USDA Lists Ban-lift Stipulations

Published online: Apr 26, 2001
Viewed 986 time(s)
United States Secretary of Agriculture Ann Veneman announced today relaxed rules for allowing the movement of potatoes from the Prince Edward Island potato wart fungus quarantine area into Canada and the United States.

These conditions apply only to the 2000 PEI crop and are designed to mitigate the risk of spreading the potato wart disease, the USDA announcement stated.

Under terms accepted by both the USDA and Canadian Food Inspection Agency a mutually acceptable work plan has been developed and agreed upon that will allow shipments within Canada this week. Exports to the U.S. could begin as early as April 30.

"We are pleased that this issue has been resolved," said Veneman. "This agreement has been made based on scientific principles that will ensure safeguards are in place to protect against the spread of the disease."

Potatoes allowed into theUnited States will be from Zone Four of PEI, provided they are washed and treated with sprout inhibitor. These potatoes are limited to boxes and bags no larger than 50 pounds, and must be intensively inspected and certified by CFIA. All surface shipments from Zone Four entering the U.S. must enter the port of Houlton, ME.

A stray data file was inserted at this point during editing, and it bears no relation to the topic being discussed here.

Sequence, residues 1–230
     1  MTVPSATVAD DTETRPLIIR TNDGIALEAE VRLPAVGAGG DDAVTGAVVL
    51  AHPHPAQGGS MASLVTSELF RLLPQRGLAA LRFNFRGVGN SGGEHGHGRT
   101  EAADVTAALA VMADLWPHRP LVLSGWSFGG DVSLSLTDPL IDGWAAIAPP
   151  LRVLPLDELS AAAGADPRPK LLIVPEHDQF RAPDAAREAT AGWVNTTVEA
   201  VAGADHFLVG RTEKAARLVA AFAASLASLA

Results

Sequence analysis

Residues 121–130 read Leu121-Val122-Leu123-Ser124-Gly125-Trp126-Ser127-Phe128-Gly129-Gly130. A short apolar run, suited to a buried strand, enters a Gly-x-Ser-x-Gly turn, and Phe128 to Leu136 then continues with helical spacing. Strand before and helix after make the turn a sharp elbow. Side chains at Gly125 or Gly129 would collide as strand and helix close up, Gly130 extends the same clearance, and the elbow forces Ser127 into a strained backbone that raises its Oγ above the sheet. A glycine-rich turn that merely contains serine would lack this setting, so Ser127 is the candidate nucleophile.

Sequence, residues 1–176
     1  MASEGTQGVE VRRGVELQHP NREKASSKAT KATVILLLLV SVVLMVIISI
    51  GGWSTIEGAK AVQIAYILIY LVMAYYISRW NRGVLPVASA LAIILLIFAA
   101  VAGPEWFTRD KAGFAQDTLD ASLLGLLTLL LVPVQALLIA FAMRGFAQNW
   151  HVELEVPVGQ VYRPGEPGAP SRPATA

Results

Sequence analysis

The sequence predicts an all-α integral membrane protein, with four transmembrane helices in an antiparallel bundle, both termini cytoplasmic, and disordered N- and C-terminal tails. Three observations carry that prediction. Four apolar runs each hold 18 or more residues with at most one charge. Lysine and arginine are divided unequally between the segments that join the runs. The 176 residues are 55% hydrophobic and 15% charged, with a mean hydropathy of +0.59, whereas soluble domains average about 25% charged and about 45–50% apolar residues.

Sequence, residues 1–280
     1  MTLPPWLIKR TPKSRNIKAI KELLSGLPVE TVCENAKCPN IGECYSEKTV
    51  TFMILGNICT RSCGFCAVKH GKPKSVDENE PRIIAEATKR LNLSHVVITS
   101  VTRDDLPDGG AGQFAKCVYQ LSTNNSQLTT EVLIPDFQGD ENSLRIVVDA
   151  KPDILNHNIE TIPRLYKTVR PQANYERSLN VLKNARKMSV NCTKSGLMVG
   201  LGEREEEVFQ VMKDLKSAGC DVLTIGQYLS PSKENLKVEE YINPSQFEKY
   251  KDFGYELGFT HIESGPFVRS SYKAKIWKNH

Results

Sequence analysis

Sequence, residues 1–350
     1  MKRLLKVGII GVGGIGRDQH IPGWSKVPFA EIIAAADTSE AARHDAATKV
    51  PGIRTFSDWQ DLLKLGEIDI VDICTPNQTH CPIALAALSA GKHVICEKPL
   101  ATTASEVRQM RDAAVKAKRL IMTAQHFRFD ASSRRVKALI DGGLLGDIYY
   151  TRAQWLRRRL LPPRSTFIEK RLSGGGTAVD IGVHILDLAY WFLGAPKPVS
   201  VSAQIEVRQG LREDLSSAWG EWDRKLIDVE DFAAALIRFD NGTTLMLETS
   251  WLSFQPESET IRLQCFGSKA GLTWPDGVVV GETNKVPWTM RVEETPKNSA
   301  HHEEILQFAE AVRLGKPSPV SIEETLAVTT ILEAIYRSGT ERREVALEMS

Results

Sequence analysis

In addition, movement of potatoes within Canada must also meet specific requirements. Tablestock potatoes from Zones Three and Four may move if soil has been removed from them. In addition, they must be inspected for the potato wart disease and are limited to boxes or bags of 50 pounds or less. The movement of bulk shipments will resume from these zones provided there is strict CFIA monitoring.

Other points: seed may move within Canada, with seed certification procedures and phytosanitary inspections, and bulk shipments of potatoes into the U.S. will remain suspended as well as the importation of seed potatoes from PEI. Tablestock potatoes from Zones One and Two cannot be moved off PEI.

The USDA will send a team of scientists to Canada by June 15 to review activities, soil surveys, and inspection procedures for the 2001 crop.